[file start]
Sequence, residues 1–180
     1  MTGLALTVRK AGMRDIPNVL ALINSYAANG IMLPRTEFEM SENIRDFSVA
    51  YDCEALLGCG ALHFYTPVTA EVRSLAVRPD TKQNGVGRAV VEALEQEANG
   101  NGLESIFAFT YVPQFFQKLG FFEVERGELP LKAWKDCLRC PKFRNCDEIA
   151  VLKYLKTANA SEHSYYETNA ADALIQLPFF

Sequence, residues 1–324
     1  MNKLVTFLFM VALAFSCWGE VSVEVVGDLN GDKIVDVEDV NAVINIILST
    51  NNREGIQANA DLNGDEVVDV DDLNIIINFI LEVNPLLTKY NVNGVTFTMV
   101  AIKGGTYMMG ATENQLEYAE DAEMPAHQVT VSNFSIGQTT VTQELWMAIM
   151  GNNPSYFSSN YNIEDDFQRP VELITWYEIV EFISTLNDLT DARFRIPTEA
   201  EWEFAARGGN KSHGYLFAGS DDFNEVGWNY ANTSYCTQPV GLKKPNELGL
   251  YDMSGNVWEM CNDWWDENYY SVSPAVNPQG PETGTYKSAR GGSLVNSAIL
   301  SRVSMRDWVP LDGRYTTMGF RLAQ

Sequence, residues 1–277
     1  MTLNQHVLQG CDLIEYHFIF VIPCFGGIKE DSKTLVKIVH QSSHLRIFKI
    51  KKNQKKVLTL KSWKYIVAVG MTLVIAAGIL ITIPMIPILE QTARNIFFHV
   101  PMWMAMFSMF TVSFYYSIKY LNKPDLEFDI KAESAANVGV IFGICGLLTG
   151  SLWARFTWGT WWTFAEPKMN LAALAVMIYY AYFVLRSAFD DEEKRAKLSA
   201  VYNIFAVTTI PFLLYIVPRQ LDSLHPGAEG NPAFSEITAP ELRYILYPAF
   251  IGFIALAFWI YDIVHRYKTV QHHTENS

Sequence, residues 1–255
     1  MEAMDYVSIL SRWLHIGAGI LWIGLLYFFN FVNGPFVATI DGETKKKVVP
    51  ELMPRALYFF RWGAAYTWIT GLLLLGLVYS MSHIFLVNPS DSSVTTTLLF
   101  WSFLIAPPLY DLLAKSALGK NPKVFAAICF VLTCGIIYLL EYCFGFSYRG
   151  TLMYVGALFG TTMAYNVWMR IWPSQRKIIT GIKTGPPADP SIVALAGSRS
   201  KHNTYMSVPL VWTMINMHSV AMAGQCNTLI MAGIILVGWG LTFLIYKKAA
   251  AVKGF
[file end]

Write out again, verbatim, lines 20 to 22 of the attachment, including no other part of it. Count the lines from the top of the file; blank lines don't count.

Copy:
   251  IGFIALAFWI YDIVHRYKTV QHHTENS

Sequence, residues 1–255
     1  MEAMDYVSIL SRWLHIGAGI LWIGLLYFFN FVNGPFVATI DGETKKKVVP